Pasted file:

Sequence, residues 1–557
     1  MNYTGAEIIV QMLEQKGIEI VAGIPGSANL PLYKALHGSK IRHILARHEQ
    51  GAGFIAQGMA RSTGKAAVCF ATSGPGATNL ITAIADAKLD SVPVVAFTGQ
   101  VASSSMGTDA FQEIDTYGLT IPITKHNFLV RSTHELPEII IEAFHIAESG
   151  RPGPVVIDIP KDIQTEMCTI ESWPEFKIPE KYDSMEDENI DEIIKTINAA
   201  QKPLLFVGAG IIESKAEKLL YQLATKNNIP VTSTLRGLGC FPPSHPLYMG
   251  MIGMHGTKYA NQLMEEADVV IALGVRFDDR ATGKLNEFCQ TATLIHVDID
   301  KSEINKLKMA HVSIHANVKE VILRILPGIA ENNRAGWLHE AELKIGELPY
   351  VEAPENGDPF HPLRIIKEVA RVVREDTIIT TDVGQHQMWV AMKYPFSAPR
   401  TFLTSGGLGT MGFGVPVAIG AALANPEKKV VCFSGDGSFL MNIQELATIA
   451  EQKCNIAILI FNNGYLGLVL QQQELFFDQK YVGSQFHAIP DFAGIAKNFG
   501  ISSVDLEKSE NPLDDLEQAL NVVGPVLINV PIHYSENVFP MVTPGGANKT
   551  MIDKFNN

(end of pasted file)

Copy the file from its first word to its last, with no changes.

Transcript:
Sequence, residues 1–557
     1  MNYTGAEIIV QMLEQKGIEI VAGIPGSANL PLYKALHGSK IRHILARHEQ
    51  GAGFIAQGMA RSTGKAAVCF ATSGPGATNL ITAIADAKLD SVPVVAFTGQ
   101  VASSSMGTDA FQEIDTYGLT IPITKHNFLV RSTHELPEII IEAFHIAESG
   151  RPGPVVIDIP KDIQTEMCTI ESWPEFKIPE KYDSMEDENI DEIIKTINAA
   201  QKPLLFVGAG IIESKAEKLL YQLATKNNIP VTSTLRGLGC FPPSHPLYMG
   251  MIGMHGTKYA NQLMEEADVV IALGVRFDDR ATGKLNEFCQ TATLIHVDID
   301  KSEINKLKMA HVSIHANVKE VILRILPGIA ENNRAGWLHE AELKIGELPY
   351  VEAPENGDPF HPLRIIKEVA RVVREDTIIT TDVGQHQMWV AMKYPFSAPR
   401  TFLTSGGLGT MGFGVPVAIG AALANPEKKV VCFSGDGSFL MNIQELATIA
   451  EQKCNIAILI FNNGYLGLVL QQQELFFDQK YVGSQFHAIP DFAGIAKNFG
   501  ISSVDLEKSE NPLDDLEQAL NVVGPVLINV PIHYSENVFP MVTPGGANKT
   551  MIDKFNN